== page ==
the golden flood of liquidity but under today's less benign conditions
no-one except die-hard Erdogan-supporting Turkish nationalists is
prepared to throw good money after money gone bad on the basis of
Erdogan's hocus pocus monetary policy," Mr. Satchu told Sputnik.
Rupee rallies with bonds as inflation eases 71.785
“The markets are on edge over potential measures to intervene in the
rupee’s weakness,” said Sue Trinh, head of Asia foreign-exchange
strategy at Royal Bank of Canada in Hong Kong. “Broader
momentum-driven liquidation in dollar longs is also at play,” aiding
the Indian currency’s advance, she said.
Decreasing inflation is a welcome piece of news for the Reserve Bank
of India, which is under duress to take stronger action to defend the
rupee, after having already depleted billions of dollars of reserves
in trying to do so. The currency has continued to set one record low
after another amid a broader emerging-market meltdown.
The rupee jumped 0.5 percent to 71.82 per dollar, adding to
Wednesday’s 0.7 percent advance that was its largest since May 25. The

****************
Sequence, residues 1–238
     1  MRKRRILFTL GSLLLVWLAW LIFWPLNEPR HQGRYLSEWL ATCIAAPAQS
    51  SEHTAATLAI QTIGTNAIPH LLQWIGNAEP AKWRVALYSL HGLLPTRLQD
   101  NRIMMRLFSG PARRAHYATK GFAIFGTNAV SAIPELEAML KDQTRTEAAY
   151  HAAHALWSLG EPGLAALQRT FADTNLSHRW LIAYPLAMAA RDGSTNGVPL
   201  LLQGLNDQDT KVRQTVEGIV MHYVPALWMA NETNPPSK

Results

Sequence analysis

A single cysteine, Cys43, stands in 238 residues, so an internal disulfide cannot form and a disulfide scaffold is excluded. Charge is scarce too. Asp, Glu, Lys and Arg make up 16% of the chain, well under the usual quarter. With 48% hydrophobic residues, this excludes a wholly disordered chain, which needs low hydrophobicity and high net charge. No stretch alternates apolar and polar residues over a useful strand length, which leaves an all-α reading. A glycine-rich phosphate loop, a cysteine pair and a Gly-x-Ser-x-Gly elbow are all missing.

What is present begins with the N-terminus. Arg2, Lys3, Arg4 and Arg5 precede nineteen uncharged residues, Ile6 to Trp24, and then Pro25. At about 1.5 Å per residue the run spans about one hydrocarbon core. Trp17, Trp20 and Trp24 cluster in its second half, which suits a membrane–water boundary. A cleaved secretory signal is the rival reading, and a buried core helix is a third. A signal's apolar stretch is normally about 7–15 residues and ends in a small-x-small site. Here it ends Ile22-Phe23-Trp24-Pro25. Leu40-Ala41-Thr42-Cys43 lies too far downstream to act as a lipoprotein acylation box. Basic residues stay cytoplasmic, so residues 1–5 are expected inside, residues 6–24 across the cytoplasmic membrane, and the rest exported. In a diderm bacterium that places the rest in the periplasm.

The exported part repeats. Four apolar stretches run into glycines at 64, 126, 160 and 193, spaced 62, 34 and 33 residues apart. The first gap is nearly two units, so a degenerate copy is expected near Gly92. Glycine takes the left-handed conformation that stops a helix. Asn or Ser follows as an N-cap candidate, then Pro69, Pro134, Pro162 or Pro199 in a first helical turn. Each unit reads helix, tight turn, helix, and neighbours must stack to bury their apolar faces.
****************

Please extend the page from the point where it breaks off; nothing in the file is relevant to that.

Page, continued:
yield on India’s benchmark 10-year bonds dropped three basis points to
8.11 percent, after falling five basis points on Wednesday. The key
S&P BSE Sensex gauge of stocks climbed 0.5 percent.
Wave of protests rattles @KagutaMuseveni @Africa_Conf
The Bobi Wine protests are growing into demonstrations against
autocracy and impunity as the veteran President's grip falters
Ever since President Yoweri Museveni's personal guards beat up and
almost killed the popular musician-turned-politician Robert
Kyagulanyi, aka Bobi Wine, on 14 August, the normally effective
mixture of security force brutality and mass detentions has failed to
quell growing protest. What began as popular outrage at the treatment
of Bobi Wine in detention, including savage beatings and torture, has
become a general protest against the impunity of Museveni, his family,
the security forces, and their arbitrary exercise of power.
For two years now, discontent with Museveni has been coalescing around
the removal of the 75-year age limit on candidates for presidential
office, even though the limit was only introduced in 2005 (AC Vol 57
No 19, Age cannot weary him and Vol 58 No 21, The seven ages of